There is a lot of twist in spun fibre.  A single strand is plied with one or more additional strands to balance out the twist and make it stable, as well as stronger.  Some woven fabrics use a loosely spun single strand.

Traditional clothing (the sort made of local materials by the people who wore it) makes full use of the material, makes use of narrow-width weaving, is cut and assembled using proportions rather than complicated patterns, is cut to allow for a range of sizes and for changes such as pregnancy or children's growth, and is fastened with locally available materials such as toggles.  It is adapted to local weather conditions.  For example, mittens of nalbinding in Finland were much warmer than knitted mittens and the hairy wool made a moisture-wicking fabric.  Wool spun in the original grease or with oil added during combing makes a water-resistant fisherman's jersey.

Tools and supplies are available to purchase, sometimes locally.  There are new tools, it's not all antiques.

In your garden, you can grow a patch of long-stemmed flax suitable for linen, even if you don't use it, in order to preserve a local source of seed.

Useful sheep breeds need conservation.  Different sheep breeds produce wool with comparatively different properties.

You can follow up by going to your local handspinners and weavers guild.  Ask where you can get lessons, supplies, and tools.

Children can be given spinning and weaving tools with lessons, the way they are given musical instruments and sports equipment.

It is most economical to learn to spin and weave yourself, rather than commissioning local work, because local clothes mean labour-intensive processes and are thus expensive to buy compared to doing it yourself.  And anyway, most handspinners, knitters, etc. produce for their own use and not for sale.

Once you learn how, handspinning is a soothing process that may help people cope with the stress of needing to change and do Transition projects.

Handspinning and weaving take as much practice to learn as learning to type, drive, or skate.  Most everyone is capable of spinning and weaving.

So those are the facts and the advice I would give.  I could go back over it all, and correct "longline flax" with "line flax," and brood over everything I wrote.  There are a couple of broad generalizations in there which I hope would stand up to fact-checking, such as the one about what fibers clothed the majority of humankind.  I really hope polyester hasn't clothed more people than wool, silk, etc.  At least I know for certain that polyester hasn't clothed folks for thousands of years.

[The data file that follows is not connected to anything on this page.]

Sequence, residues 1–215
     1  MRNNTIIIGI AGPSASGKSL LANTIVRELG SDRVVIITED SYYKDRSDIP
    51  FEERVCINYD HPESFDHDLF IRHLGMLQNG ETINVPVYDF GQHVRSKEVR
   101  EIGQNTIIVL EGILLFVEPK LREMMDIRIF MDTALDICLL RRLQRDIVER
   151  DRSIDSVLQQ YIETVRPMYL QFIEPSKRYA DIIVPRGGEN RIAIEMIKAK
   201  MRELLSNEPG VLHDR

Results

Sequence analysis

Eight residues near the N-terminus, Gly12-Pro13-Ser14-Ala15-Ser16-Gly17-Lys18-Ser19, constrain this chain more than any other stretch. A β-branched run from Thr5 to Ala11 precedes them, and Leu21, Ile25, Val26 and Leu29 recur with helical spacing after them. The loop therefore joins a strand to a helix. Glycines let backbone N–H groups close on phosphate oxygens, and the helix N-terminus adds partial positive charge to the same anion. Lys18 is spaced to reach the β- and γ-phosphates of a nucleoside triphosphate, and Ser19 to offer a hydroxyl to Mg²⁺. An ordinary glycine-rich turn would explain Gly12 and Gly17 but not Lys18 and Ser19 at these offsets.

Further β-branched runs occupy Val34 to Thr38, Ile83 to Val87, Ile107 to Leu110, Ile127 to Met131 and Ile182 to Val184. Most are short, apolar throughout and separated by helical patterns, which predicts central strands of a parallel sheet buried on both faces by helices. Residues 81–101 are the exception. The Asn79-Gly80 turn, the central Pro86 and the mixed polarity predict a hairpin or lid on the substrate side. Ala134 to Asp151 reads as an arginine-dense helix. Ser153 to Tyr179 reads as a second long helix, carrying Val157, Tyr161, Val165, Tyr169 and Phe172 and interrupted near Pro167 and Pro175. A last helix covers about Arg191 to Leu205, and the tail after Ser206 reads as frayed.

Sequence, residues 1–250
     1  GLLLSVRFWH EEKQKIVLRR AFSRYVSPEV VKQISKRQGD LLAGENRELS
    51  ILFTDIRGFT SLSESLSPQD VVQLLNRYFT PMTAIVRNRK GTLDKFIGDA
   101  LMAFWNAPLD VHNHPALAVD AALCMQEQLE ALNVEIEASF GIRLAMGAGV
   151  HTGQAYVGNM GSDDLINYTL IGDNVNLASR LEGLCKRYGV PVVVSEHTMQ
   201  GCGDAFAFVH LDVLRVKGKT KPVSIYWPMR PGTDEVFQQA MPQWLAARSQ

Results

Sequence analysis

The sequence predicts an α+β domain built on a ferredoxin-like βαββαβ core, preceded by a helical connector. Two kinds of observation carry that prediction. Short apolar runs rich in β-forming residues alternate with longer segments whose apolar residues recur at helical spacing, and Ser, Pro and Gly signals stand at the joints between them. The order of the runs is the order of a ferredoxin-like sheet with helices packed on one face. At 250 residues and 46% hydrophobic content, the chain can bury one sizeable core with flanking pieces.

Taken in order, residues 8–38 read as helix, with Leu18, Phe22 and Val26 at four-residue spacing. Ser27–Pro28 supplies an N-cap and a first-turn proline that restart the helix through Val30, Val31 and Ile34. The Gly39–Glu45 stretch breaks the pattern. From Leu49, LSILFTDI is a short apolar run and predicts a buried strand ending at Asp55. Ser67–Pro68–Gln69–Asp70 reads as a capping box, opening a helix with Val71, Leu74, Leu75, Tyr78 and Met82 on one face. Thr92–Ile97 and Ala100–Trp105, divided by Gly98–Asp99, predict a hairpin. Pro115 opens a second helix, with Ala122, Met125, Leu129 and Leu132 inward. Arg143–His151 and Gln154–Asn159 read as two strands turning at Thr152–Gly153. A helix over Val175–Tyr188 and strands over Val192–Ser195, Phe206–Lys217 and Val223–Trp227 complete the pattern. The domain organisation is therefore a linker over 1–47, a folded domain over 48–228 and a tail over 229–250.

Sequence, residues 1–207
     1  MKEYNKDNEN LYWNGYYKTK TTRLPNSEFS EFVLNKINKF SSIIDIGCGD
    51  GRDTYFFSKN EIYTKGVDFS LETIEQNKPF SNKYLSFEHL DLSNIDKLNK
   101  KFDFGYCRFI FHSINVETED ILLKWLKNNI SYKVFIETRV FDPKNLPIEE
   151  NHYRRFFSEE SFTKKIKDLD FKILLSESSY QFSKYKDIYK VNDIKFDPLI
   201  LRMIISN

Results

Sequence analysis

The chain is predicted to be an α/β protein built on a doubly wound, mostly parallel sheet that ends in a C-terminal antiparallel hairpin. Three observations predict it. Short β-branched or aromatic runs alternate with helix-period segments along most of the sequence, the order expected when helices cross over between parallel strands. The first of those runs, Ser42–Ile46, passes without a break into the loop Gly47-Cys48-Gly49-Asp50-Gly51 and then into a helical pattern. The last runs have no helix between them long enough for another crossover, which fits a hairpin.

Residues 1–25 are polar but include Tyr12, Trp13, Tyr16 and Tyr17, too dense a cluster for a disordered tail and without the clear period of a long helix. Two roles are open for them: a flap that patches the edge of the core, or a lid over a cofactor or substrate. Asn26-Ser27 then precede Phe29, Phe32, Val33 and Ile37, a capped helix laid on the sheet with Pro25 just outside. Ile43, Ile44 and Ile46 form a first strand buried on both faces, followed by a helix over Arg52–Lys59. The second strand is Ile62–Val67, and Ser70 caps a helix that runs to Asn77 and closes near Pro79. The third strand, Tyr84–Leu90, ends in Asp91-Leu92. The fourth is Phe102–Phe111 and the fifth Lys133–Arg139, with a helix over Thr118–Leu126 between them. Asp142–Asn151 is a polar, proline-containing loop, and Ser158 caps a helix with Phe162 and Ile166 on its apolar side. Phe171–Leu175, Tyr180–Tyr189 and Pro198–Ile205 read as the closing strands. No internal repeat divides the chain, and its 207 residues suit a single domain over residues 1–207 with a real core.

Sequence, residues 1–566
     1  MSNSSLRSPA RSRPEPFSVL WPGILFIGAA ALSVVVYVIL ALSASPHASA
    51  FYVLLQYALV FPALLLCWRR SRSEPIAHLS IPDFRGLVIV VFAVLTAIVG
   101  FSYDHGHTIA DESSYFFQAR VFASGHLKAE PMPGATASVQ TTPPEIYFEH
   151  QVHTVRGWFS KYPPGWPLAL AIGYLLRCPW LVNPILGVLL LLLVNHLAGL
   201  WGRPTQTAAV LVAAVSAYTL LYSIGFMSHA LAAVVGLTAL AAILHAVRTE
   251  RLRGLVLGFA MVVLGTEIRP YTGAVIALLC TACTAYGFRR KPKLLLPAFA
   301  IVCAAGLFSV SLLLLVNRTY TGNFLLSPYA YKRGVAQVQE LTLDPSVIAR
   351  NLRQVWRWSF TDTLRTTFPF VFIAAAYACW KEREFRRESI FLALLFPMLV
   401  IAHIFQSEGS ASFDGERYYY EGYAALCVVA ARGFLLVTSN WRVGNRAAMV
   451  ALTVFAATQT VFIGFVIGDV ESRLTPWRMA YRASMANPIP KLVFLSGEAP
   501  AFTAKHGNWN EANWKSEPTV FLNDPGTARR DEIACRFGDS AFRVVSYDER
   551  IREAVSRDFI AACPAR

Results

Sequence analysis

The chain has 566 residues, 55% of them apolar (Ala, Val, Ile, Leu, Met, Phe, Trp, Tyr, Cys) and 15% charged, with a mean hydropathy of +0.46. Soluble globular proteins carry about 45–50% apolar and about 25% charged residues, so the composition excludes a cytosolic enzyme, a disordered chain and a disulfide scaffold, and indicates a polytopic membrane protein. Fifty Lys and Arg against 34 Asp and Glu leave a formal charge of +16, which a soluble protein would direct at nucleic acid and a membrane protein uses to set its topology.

I had to leave out a lot of my reasoning and information for the sake of brevity.  There is more I'd like to explain; for example, my basis for leaving out dyeing and knitting.  I left them out because if you need to whip up local clothes quickly from scratch, you'll do best weaving naturally-coloured fiber.  Dyeing is an extra step you can dispense with yet still be clothed, and knitting takes longer than weaving.  Also, knitting requires knitting needles that are formed with precise diameters, so you can't just whittle yourself a set the way you can whittle a backstrap loom or a nalbinding needle.

I left out the ways renewable energy can be used with handspinning, weaving, and fiber preparation.  They are mechanically complicated, expensive, and in the case of a water-driven scutching machine, historically prone to causing workplace injuries.  But solar thermal power, such as from a solar cooker, could certainly warm up the wash water to clean wool.  I've seen video of a windmill hooked up to a crank-powered sock machine.  Kevin Hansen tells me his electric spinning machine, the HansenCraft miniSpinner, can run directly on power from a photovoltaic panel, though he recommends a battery pack.

I forgot to put in an additional point about the list of basic but functional tools, the tools that can be made without great woodworking or pottery skills.  Those can be made from coppiced branches or saplings which means they are an efficient use of natural resources and readily attainable.  That is, the materials can be cultivated or gleaned rather than bought, which is significant.  I also should have left the tape loom off the list since it requires some precise sawing and drilling.  Ah, well.  At some point you have to stop and let the other person have what you wrote.

13 November, 2010

Antique Squirrel Cage Swift on Exhibit

Far away, off the beaten path past twisty mountain passes, in McDowell, Virginia, out in Highland county where the maple sap runs and the sheep population is supposed to be the highest in the state, there is a little country historical museum and in it is an old squirrel cage swift.

A squirrel cage swift, also called a rice, holds a skein of yarn while you pull from one end and wrap the yarn into a ball.  It is supposed to work better than the umbrella type, but the size, fixed (non-collapsable) shape, and cost is probably why you don't see them much.  It looks like two hamster cages set a yard apart on one upright pole.

The size of the swift in the museum is huge.  The skein spool parts are each almost as big as a bread box.  I didn't measure the swift so I can't be sure, but taking for scale David Bryant's measured drawings of a rice in Wheels and Looms: Making Equipment for Spinning and Weaving which gives the spokes of the spools as a mere 6 inches long, I would say the antique swift I saw was close to twice the size.  The height of the vertical piece was about as tall as me.

Back then, whenever back then was, the usefulness of the swift must have outweighed space considerations.